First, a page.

Secretion systems

Type II secretion system (T2SS): The T2SS gene cluster (gspCDEFGHIJKLM) of P. fluorescens SBW25 (PFLU2415-PFLU2425) (Scales et al., 2015) was used with MultiGeneBlast. Some genomes contain all genes within the same locus (score = 2), whereas some seem to only contain DEFGH and sometimes one pseudolipin, so are scored 1. Some (e.g., Ps664 and Ps720) have two authentic systems and others have a complete SBW25-like system as well as a smaller DEFGH-like clusters.

Type III secretion system (T3SS): The T3SS gene cluster of P. fluorescens SBW25 (PFLU0708, PFLU0710-PFLU0727) was used with MultiGeneBlast. Score = 2 when homologues of all genes were found in a gene cluster. A score of 2 was also provided if homologues of the effector (PFLU0708) were not encoded in the gene cluster. Some gene clusters feature additional genes that could reflect additional components of the secretion system absent from SBW25. For example, the gene cluster in Ps664 included a type III secretion ATP synthase (HrcN), a hypothetical protein, and type III secretion protein (HrcV).

Type VI secretion system (T6SS): The T6SS gene cluster of P. fluorescens A506 (PflA506_2406-PflA506_2421) was used with MultiGeneBlast. Score = 2 when homologues of all genes were found in a gene cluster. Some gene clusters feature additional genes that could reflect additional components of the secretion system absent from A506.

Exoenzymes

Pectin lyase 1: Protein PFLU2293 from P. fluorescens SBW25 was used in BLAST analysis. Clear distinction between high identity (>90%, score = 2) and low identity (<30%, score = 0) proteins.

Pectin lyase 2: Protein PFLU2269 from P. fluorescens SBW25 was used in BLAST analysis. Score = 2 with >80% identity.

Pectate lyase: Protein PFLU3229 from P. fluorescens SBW25 was used in BLAST analysis. Score = 2 with >80% identity. Strains such as Ps706 have high homology across to have ‘split’ proteins and were scored as 1.

Chitinase ChiC: Protein PFL_2091 from P. protegens Pf-5 was used in BLAST analysis. Score = 2 with >50% identity. This cutoff retained proteins annotated as ‘Chitinase D.’

Chitinase class 1: Protein PSF113_1189 from P. fluorescens F113 was used in BLAST analysis. Score = 2 with >60% identity. This cutoff retained proteins annotated as ‘Chitinase class I.’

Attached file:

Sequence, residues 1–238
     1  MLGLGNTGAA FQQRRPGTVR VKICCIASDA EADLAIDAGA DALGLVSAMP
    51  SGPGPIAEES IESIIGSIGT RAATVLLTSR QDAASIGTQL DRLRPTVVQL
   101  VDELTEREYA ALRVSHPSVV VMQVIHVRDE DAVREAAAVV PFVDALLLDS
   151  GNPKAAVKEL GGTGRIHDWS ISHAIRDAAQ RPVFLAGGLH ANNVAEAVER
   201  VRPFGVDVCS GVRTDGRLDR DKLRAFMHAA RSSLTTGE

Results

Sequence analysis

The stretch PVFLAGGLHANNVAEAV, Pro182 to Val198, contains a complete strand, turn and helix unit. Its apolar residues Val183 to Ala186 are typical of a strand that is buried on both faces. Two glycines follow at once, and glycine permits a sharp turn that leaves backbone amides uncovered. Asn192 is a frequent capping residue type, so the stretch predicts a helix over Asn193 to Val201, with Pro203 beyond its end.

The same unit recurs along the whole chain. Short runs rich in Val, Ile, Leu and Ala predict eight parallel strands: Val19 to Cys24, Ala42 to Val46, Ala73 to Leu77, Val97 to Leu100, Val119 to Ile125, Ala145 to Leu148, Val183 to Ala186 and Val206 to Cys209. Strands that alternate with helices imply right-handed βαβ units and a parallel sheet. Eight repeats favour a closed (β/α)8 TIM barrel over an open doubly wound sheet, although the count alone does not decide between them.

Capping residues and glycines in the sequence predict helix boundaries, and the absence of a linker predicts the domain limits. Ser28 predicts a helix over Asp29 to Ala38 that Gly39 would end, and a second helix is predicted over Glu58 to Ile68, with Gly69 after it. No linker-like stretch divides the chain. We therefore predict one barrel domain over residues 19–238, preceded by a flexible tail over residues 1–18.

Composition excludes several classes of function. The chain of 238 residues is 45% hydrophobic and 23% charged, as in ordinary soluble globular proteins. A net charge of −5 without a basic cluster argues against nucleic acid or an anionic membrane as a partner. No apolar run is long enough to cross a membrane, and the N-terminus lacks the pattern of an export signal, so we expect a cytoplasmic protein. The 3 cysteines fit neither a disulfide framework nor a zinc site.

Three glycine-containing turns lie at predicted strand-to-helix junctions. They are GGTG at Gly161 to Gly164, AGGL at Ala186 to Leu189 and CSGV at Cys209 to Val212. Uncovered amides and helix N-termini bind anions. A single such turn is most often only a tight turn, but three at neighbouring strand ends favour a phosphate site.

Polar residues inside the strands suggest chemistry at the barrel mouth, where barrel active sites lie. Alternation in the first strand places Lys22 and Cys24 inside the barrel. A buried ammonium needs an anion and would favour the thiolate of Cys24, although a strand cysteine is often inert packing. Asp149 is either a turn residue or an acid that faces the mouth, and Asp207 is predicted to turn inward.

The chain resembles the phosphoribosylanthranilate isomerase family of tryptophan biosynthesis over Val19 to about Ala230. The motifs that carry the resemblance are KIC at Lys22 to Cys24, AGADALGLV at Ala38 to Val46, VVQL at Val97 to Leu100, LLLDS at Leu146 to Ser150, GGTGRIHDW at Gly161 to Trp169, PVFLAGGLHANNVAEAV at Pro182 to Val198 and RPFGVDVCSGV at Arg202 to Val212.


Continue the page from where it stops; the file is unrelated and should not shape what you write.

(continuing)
Extracellular alkaline metalloprotease AprA: Protein PFL_3210 from P. protegens Pf-5 was used in BLAST analysis. Score = 2 with >80% identity; score = 1 with >65% identity.

LipA lipase: Protein PFLU0569 from P. fluorescens SBW25 was used in BLAST analysis. Score = 2 with >75% identity.

LipB lipase: Protein PFLU3141 from P. fluorescens SBW25 was used in BLAST analysis. Score = 2 with >80% identity; score = 1 with >65% identity.

Toxins

Insecticidal toxin complex (Tc) gene clusters: To search for putative insecticidal toxin complex (Tc) gene clusters, the examples reported by Rangel et al., 2016 were used with MultiGeneBlast and/or BLAST analysis. Specifically, the following proteins were used:

  • Type I = P. chlororaphis 30-84 (Pchl3084_2947 and Pchl3084_2950)

  • Type II = P. fluorescens Q2-87 (PflQ2_0667-0670)

  • Type III = P. fluorescens Q8r1-96 (PflQ8_4696, PflQ8_4570-4571 and PflQ8_4580-4581)

  • Type IV = P. fluorescens Pf0-1 (Pfl01_0947-0948 and Pfl01_4453-4456)

  • Type V = P. fluorescens A506 (PflA506_3065-3068)

  • Type VI = P. synxantha BG33R (PseBG33_3799-3804)

  • Type II/V/VI Tc proteins provided comparable hits (due to sequence homology between components of these toxin systems) whose genes were arranged differently to the characterized examples. These were therefore grouped as a single genotype and scored as 1.

HicAB toxin-antitoxin: The HicAB proteins from P. aeruginosa PA1 (PA1S_06925 and PA1S_06920) (Li et al., 2016) was used with MultiGeneBlast.

Accessory genome loci not found in this strain collection

Cytokinin: The cytokinin isopentenyl transferase Ptz from P. savastanoi (NCBI accession P06619.1) (Powell and Morris, 1986) was used in a BLAST analysis.

CdrA adhesin: Protein PA4625 from P. aeruginosa PAO1 (Borlee et al., 2010) was used in a BLAST analysis.

N-acyl homoserine lactonase: Protein BW979_RS17690 from Pseudomonas sp. A214 used in a BLAST analysis. This provided some hits, but all were <25% identity so were scored as 0.

Fit toxin: The Fit insect toxin cluster of P. protegens Pf-5 (PFL_2980 to PFL_2987) (Péchy-Tarr et al., 2008) was used with MultiGeneBlast.

Insecticidal protein IPD072Aa: Protein IPD072Aa from P. chlororaphis (NCBI accession KT795291.1) (Schellenberger et al., 2016) was used in a BLAST analysis.

Appendix 1—figure 1
Comparison of characterized pyochelin-like biosynthetic gene cluster (BGCs) versus pyochelin-like BGCs identified in this work.

BGCs were retrieved from MIBiG (https://mibig.secondarymetabolites.org) (Kautsar et al., 2020) for pyochelin (BGC0000412), coelibactin (BGC0000324), and thiazostatin (BGC0001801). BGC homology was assessed using BiG-SCAPE (https://git.wageningenur.nl/medema-group/BiG-SCAPE/) (Navarro-Muñoz et al., 2020) in glocal mode with a cutoff of 0.75. Two figures show two distinct families.